(2) Correct Clipping Technique. Once an anchor is placed, the climber "clips" the rope into the carabiner (Figure 6-29). As a carabiner hangs from the protection, the rope can be routed through the carabiner in two possible ways. One way will allow the rope to run smoothly as the climber moves past the placement; the other way will often create a dangerous situation in which the rope could become "unclipped" from the carabiner if the leader were to fall on this piece of protection. In addition, a series of incorrectly clipped carabiners may contribute to rope drag. When placing protection, the leader must ensure the carabiner on the protection does not hang with the carabiner gate facing the rock; when placing protection in a crack ensure the carabiner gate is not facing into the crack.
Grasp the rope with either hand with the thumb pointing down the rope towards the belayer
Pull enough rope to reach the carabiner with a bight
Note the direction the carabiner is hanging from the protection
Place the bight into the carabiner so that, when released, the rope does not cause the carabiner to twist.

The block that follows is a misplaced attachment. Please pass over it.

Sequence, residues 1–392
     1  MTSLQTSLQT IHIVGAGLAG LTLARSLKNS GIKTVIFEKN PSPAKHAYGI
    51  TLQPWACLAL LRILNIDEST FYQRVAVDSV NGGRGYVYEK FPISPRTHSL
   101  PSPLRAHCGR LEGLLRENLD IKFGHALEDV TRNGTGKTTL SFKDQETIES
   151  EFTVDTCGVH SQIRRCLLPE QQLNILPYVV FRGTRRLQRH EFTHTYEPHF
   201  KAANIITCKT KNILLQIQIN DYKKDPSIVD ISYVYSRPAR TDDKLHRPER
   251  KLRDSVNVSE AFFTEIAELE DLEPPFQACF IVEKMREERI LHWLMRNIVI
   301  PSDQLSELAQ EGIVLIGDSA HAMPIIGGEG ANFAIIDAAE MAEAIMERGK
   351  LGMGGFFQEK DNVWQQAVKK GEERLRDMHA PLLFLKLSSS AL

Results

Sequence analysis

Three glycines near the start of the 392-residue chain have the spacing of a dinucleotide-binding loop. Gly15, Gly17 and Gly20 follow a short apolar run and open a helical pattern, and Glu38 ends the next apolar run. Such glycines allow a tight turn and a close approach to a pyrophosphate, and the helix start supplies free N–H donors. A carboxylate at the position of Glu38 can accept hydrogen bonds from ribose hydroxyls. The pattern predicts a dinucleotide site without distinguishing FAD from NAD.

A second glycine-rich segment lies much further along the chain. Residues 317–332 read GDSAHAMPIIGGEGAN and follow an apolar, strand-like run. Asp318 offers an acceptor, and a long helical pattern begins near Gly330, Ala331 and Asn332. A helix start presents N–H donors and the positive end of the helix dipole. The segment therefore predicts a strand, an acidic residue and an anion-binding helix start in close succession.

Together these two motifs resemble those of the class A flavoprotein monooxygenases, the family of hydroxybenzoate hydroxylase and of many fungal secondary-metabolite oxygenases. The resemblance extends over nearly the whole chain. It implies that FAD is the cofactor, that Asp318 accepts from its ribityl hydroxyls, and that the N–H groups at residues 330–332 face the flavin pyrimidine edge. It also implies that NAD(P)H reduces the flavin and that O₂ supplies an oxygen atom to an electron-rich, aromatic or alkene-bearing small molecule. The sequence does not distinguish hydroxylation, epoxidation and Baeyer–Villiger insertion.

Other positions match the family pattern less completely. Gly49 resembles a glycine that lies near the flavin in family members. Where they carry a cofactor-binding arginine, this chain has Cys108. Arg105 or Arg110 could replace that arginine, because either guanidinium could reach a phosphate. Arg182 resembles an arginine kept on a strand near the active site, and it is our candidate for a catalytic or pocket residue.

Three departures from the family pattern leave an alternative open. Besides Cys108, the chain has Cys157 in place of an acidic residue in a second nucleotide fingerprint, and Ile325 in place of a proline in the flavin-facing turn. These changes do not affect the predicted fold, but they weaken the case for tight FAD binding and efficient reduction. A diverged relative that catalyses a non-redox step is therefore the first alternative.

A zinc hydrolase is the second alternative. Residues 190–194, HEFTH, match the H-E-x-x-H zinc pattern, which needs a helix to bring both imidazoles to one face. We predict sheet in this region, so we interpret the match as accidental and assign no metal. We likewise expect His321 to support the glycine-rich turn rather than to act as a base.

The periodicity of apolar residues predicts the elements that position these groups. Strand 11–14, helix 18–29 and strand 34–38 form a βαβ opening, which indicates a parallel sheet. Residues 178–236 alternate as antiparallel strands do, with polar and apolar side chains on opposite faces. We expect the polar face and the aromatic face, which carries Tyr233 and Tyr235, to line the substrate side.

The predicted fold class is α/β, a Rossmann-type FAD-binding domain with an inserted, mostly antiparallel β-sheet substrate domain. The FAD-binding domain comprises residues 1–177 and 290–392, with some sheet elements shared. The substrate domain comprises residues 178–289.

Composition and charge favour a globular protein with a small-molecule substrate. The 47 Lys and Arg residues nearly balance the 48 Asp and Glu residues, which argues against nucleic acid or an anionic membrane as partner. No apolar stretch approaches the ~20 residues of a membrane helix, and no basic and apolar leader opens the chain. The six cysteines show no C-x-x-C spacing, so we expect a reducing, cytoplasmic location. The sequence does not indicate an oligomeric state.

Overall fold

(a) If the route changes direction, clipping the carabiner will require a little more thought. Once leaving that piece of protection, the rope may force the carabiner to twist if not correctly clipped. If the clip is made correctly, a rotation of the clipped carabiner to ensure that the gate is not resting against the rock may be all that is necessary.
Ensure the carabiner gate is not resting against a protrusion or crack edge in the rock surface; the rock may cause the gate to open.
(b) Once the rope is clipped into the carabiner, the climber should check to see that it is routed correctly by pulling on the rope in the direction it will travel when the climber moves past that position.